apt install php7.0
Assuming that all goes smoothly, you should now be running PHP7.1. To check:
php -v
If the package update doesn't automatically take care of it, you may also need to restart Apache to ensure that it too is using the new PHP version:
service apache2 restart

Please note, that while we believe Ondřej to be highly trustworthy and have done some of our own vetting (prior to considering including his PHP5.6 in our v15.0 builds), be aware that this is a third party repo. It therefore doesn't have the same level of oversight by others that the default Debian repos do.

It also doesn't provide security updates in the same way that Debian does. Ondřej has assured us that he will continue to provide "best effort" support and timely updates (inc security patches) as long as he can. But he will be stopping support for PHP versions once upstream (i.e. PHP developers) end their support. So in the not too distant future, PHP7.0 may well be removed. When that happens, you'd be advised to migrate your data to a new v15.0 appliance (which will include PHP7.0). Then you can get back the auto security updates that Debian provide (via our default settings). You will likely need to remove some of the config you added above, but I'm happy to assist you with that when you get to that point.

Another alternative, would be to update to a newer PHP version (e.g. 7.1) and remove 7.0.

Either way, it's also worth noting, that once you enable Ondřej's repo, that you will no longer get automatic PHP security updates. You will need to regularly manually check for updates and install them as need be.

Hope that helps and please keep an eye on our blog for upcoming v15.0 release announcements.

Marc Seelinger's picture

The steps you outlined above worked like a charm!  Thank you very much!
Marc Seelinger's picture

Could you point me in the direction as to how to check for the php updates and install them?  I will upgrade to v15 as soon as it is ready, but in the meantime I need manually maintain the site.
Jeremy Davis's picture

There isn't actually a super simple way to just update particular packages. But as a general rule, if you run:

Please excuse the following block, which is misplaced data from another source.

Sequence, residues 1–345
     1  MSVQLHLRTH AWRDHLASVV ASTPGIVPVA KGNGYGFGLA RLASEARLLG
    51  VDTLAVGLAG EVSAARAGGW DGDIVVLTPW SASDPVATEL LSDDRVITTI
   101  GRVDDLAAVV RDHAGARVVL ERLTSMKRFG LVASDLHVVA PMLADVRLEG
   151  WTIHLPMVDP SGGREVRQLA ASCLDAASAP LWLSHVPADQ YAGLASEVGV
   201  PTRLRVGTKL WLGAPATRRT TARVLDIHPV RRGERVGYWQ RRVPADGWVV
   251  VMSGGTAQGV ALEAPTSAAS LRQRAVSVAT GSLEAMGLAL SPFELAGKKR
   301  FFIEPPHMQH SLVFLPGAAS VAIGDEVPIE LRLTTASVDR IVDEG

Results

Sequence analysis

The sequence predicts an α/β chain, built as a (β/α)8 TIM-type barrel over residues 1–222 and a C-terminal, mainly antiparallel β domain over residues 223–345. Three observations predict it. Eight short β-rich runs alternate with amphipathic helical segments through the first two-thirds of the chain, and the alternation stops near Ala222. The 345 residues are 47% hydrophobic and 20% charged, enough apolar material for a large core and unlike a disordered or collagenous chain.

apt-get update
apt-get upgrade
You should be good. However, please note that that will install all updates, including those from Debian. As a general rule, that should be fine.

Having said that, personally, I prefer not to do any updates on a production server, except of course security updates. So to facilitate that, I suggest creating yourself a script to make it easy. This should do the job:

cat > /usr/local/bin/update-php <<"EOF"
#!/bin/bash -e

# options to ensure that only the specific source file is used
opts="-o Dir::Etc::sourcelist=$src_file -o Dir::Etc::sourceparts='-'"

# don't do heuristic list cleanup
update_opts="${opts} -o APT::Get::List-Cleanup='0'" 

# show packages to be upgraded
upgrade_opts="-o APT::Get::Show-Upgraded=true ${opts}"

apt-get update $update_opts
apt-get upgrade $upgrade_opts
chmod +x /usr/local/bin/update-php

Now you should be able to simply run 'update-php' from the commandline and it should only install updates from the PHP third party repo. I haven't extensively tested it, but hopefully I haven't made any mistakes.

If you want to double check after running, you could try the following and look for php package updates.

apt-get update
apt-get -u upgrade --assume-no | grep php
That should show you a list of packages which would be upgraded if you ran 'apt-get upgrade', highlighting any PHP ones in red (only the letters php will be red). If you get nothing returned, you should be good. If you see any php packages listed there at any point, please let me know.

You could automate that running the script if you wanted, but personally I'd rather run the updates manually unless I really trust the source. That way if there are any issues, I can resolve them then and there. I have no reason to believe that Ondrej's packages will cause any issues, but I'm inclined to suggest caution. Which incidentally is why we only automatically install security updates by default.